Getting your cat neutered or spayed is a procedure carried out by vets daily. But although we can rationalise any fears with this knowledge, it’s normal to feel nervous about putting your kitty under the knife. Well, don’t worry. Today we’re bringing you a complete guide to post spay cat care. We’ll be covering everything, including the benefits of spaying, a detailed look at the procedure, and guidance on the aftercare that you should be providing after the op.
So let’s jump right in.
What is Spaying?
Spaying is the procedure for neutering female animals such as cats and dogs. If you want to be really pragmatic about it, spaying is the process of sterilising female animals by removing their ovaries to stop them from reproducing.
According to Dictionary.com, the term ‘spay’ dates back to between 1375–1425 and derives from the old Anglo-French term espee, which refers to a sword. The term therefore means to cut with a sword. You’ll be glad to know that vets do not use swords on our feline friends.
What is the Cost to Spay a Cat?
Although the costs will vary between veterinary clinics, the average cost of spaying is between £50-£100. Spaying female cats is a little more expensive than neutering male cats, which is around £50-£80, because there is a little more involved. We’ll cover the procedure shortly!
There are organisations that can help with the cost of spaying. Cats Protection offer a means-tested neutering scheme where you can check your eligibility for funding support.
To Spay or Not to Spay?
If you’re wondering whether you should get your cat spayed, here’s a quick overview of just some of the main benefits of the procedure:
- Cats are less likely to develop mammary gland tumours: 90% of mammary gland tumours are fatal. Getting your cat spayed before her first heat can massively prevent the disease from developing.
- Cats are unable to develop pyometra: Pyometra is a disease that develops in the uterus. If the uterus is removed, then the chance of contracting this disease is eradicated.
- Your cat won’t suffer with any pregnancy and birth-related illnesses: Since your cat won’t be able to get pregnant, you’re also protecting her against any related complications.
- Stops regular heat cycles: Heat cycles are when a cat is sexually receptive. The less heat cycles a cat has, the more her chances are reduced of contracting illnesses like respiratory disease, parasite infestation, and bacterial infection.
There are many behavioural benefits of having your cat neutered. Neutered cats are less likely to
- Cat call, which can be a pain when this occurs in the middle of the night
- Fight, which can also be very annoying at night
- Show aggression – a massive problem during the day or night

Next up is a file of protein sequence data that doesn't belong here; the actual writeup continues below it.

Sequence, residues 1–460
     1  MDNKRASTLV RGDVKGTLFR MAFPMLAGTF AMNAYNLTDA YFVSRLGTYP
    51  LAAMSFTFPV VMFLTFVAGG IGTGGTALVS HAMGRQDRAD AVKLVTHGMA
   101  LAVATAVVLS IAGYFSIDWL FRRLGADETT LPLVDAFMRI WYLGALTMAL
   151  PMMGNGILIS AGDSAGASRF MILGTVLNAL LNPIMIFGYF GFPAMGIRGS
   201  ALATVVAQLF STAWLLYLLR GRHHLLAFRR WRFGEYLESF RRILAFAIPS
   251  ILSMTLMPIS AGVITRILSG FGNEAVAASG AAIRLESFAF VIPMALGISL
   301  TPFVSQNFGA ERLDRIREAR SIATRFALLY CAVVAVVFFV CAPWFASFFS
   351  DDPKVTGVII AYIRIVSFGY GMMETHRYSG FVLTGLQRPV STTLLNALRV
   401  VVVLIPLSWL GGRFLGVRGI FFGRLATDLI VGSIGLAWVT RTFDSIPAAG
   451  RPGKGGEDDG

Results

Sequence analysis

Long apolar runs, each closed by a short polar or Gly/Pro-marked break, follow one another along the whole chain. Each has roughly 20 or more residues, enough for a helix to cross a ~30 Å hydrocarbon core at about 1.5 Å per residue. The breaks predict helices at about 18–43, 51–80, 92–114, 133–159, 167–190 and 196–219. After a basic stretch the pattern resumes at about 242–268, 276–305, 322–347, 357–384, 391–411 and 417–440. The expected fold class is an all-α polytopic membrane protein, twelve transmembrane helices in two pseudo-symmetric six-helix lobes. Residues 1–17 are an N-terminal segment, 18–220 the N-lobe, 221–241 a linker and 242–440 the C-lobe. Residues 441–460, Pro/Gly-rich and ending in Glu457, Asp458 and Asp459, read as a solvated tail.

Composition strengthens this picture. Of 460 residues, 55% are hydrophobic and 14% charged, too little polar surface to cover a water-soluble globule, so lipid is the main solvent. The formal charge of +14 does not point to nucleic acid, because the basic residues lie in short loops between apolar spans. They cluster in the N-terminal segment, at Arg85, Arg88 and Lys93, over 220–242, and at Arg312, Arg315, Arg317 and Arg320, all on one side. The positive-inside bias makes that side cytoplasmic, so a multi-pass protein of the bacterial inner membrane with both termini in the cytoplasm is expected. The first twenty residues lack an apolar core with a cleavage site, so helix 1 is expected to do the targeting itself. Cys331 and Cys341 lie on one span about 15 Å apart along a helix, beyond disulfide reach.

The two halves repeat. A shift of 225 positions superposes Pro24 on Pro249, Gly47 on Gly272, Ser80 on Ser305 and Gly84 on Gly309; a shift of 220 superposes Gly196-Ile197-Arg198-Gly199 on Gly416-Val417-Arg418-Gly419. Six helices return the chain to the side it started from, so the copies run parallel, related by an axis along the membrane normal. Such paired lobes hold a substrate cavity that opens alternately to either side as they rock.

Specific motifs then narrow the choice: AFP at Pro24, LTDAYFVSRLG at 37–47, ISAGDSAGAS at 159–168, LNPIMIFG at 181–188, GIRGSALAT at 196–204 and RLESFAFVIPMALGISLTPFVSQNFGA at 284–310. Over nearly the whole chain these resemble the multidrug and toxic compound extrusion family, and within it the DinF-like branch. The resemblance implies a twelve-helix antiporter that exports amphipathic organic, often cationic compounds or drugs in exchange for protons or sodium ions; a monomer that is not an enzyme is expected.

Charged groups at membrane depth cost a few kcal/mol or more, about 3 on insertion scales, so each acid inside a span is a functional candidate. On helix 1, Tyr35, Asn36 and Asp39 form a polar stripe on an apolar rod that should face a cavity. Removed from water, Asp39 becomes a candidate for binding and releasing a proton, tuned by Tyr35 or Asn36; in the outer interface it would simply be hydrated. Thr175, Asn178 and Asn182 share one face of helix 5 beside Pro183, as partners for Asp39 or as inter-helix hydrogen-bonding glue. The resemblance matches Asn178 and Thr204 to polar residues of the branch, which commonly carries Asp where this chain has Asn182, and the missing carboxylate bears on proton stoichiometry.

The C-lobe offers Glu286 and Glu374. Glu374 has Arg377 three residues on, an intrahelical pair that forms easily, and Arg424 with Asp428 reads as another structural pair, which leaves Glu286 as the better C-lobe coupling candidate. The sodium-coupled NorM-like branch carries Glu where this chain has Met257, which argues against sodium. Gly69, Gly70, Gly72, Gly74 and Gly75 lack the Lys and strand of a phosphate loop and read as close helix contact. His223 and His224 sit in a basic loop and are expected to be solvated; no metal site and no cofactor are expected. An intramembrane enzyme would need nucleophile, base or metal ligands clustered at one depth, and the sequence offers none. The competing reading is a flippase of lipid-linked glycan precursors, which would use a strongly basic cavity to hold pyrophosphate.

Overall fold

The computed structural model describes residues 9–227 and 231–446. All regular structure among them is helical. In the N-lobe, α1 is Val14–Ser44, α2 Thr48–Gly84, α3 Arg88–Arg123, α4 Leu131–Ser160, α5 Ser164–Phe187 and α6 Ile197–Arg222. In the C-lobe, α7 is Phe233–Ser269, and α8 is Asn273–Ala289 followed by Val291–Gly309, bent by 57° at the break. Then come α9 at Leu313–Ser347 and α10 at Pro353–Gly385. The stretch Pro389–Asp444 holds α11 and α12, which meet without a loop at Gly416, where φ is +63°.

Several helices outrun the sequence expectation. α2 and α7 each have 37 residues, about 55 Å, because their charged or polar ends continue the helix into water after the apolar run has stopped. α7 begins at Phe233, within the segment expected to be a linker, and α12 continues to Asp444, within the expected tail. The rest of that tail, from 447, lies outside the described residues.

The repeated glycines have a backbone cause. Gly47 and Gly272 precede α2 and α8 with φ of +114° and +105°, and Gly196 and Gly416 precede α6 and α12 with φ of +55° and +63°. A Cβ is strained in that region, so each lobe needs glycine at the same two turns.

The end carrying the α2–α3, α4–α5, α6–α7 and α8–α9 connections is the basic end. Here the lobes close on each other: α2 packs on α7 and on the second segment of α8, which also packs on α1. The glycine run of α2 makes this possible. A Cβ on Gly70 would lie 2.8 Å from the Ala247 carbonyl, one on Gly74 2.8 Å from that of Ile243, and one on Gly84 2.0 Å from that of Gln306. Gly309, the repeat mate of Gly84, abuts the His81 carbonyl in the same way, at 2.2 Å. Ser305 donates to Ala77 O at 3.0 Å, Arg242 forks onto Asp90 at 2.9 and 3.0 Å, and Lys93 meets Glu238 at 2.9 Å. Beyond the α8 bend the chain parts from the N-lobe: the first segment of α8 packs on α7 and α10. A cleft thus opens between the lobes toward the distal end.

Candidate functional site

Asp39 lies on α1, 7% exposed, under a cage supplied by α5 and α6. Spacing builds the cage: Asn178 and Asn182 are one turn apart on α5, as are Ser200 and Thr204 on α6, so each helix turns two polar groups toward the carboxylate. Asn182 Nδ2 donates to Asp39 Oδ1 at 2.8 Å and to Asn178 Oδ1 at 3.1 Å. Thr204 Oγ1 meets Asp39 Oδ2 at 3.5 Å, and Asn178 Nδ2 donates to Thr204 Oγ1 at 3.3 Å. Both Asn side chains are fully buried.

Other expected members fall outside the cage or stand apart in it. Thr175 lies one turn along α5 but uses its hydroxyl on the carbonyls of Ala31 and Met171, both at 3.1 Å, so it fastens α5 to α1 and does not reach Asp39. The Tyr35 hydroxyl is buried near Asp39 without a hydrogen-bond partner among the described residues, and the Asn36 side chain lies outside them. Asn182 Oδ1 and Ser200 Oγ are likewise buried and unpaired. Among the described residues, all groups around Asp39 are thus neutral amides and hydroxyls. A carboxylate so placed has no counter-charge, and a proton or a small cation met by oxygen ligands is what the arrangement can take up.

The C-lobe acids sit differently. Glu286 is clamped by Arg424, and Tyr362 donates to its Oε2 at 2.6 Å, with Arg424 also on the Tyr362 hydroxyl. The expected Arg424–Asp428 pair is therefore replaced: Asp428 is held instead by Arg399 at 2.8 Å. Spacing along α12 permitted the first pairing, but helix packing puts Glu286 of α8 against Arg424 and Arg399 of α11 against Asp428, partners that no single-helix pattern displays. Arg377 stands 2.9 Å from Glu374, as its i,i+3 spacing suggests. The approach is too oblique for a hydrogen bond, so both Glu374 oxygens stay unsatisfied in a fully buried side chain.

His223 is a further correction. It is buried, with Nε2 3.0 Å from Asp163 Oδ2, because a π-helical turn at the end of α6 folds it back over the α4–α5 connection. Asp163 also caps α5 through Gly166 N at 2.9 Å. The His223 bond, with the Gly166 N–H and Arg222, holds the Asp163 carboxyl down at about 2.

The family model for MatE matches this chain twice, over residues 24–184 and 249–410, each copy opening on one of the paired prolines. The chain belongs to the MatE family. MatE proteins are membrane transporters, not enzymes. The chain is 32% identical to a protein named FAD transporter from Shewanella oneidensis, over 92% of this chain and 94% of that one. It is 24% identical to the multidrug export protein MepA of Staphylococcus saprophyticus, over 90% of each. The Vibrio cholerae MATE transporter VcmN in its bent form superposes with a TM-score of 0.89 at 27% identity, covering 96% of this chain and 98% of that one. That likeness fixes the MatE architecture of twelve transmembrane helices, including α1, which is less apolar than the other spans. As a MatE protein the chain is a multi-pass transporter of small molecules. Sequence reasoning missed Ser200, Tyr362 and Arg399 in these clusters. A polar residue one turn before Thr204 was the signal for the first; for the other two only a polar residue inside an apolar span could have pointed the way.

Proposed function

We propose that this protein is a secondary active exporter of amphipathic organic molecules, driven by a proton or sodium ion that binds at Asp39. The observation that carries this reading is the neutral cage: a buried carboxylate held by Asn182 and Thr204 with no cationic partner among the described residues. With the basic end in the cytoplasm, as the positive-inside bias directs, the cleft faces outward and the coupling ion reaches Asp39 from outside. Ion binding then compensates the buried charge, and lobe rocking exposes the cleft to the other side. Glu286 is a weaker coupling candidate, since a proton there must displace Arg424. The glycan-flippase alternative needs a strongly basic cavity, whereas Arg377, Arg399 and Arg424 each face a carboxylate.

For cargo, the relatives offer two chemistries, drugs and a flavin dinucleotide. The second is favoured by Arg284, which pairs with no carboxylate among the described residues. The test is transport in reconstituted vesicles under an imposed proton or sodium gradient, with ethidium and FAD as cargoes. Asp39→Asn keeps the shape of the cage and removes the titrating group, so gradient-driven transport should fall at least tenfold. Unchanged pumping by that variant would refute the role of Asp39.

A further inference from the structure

- Spray. Cats spray to mark their territory. You definitely don’t want this in your house.
If your cat is able to get pregnant, she may be more prone to develop some of the previously mentioned conditions and illnesses.The cost for treating these illnesses will impact on your vet bills and insurance premiums. In addition to this, just take a look at the costs related to your cat having kittens.
Microchipping: The cost of microchipping is between £10-£20. Cats can have litters of around 2-6 kittens, so you could be looking at a cost of £120 in a worst-case scenario.
It is important to remember that microchipping is now required by law and most responsible cat owners will not purchase cats that haven’t been microchipped.
According to the RSPCA, ‘Section 84 of the Domestic Animals Act 2000 and Regulation 7 of the Domestic Animals Regulation 2001 requires microchipping of cats and dogs prior to sale/transfer and by 12 weeks of age. Regulations 7 and 9 of the Domestic Animals Regulation 2001 outline what information must be recorded in the microchip database.’
Vaccinations: At around 8 weeks kittens will need vaccinating against
- Cat flu (feline herpes virus and feline calicivirus)
- Feline infectious enteritis
- Feline leukaemia virus
You will be responsible for this treatment if they haven’t been adopted by the time they are 8 weeks old
Looking after the litter: Since cats shouldn’t be adopted before 8-9 weeks (as this can cause behavioural problems), it will be down to you to wean, feed and begin toilet training your kittens. You may also have to arrange for interim Pet insurance. The costs of this can soon mount up, so the best way to avoid any unwanted kittens (and costs) is to get your cat spayed.
And it’s not just raising the funds that can be difficult. Raising a litter is hard work, and people often find it incredibly hard to say goodbye. Take a look at our guide to looking after a kitten for a better understanding.
When is the Best Time to Get my Cat Spayed?
Cats reach sexual maturity at around 6 months old when they will have their first heat cycle. However, this can occur as early as 4 months old, so many vets recommend getting your cats ‘done’ before this time, but only after they’ve received all of their initial vaccinations.
There is a traditional view that cats should have at least one litter before being spayed, but scientists have found no behavioural, social or health benefits behind the claim.
What is the Procedure for Spaying?
Although considered major surgery, spaying is a routine operation. A healthy and well cared for cat shouldn’t encounter any complications. Your cat will need to be nil by mouth prior to the operation, so you should avoid giving them any food.
On the day of the operation, you will drop your cat off at the veterinary clinic in the morning, and in most cases, collect her again in the evening.
The surgical procedure is known as an ovariohysterectomy, meaning both the ovaries and uterus are completely removed. Your cat will be put to sleep by a general anaesthetic. The area where the incision will be made, will be shaved and sterilised.